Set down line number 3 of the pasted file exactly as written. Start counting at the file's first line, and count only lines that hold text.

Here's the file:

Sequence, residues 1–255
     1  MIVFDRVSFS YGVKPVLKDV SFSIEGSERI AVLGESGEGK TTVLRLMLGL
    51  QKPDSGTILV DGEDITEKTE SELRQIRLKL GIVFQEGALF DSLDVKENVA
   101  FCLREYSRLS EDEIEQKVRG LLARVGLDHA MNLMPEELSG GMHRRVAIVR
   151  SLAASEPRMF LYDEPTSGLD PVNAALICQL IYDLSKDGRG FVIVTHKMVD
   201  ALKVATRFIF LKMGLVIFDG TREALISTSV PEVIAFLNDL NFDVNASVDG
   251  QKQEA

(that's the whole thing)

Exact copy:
    51  QKPDSGTILV DGEDITEKTE SELRQIRLKL GIVFQEGALF DSLDVKENVA